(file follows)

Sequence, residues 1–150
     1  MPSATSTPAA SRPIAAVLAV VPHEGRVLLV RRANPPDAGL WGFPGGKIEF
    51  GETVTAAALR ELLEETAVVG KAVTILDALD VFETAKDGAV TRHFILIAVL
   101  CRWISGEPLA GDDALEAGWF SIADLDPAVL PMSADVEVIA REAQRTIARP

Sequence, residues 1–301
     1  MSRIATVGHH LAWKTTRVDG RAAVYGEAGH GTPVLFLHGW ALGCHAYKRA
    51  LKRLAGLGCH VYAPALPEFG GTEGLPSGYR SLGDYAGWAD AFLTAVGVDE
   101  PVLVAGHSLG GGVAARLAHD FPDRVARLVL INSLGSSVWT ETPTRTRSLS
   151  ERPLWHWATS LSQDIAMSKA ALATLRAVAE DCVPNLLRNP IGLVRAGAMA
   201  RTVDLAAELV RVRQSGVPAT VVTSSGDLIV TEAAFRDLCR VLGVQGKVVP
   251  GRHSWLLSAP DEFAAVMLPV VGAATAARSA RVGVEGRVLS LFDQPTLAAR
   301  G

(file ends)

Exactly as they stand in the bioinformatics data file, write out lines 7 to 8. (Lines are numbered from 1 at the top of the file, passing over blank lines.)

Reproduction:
    51  LKRLAGLGCH VYAPALPEFG GTEGLPSGYR SLGDYAGWAD AFLTAVGVDE
   101  PVLVAGHSLG GGVAARLAHD FPDRVARLVL INSLGSSVWT ETPTRTRSLS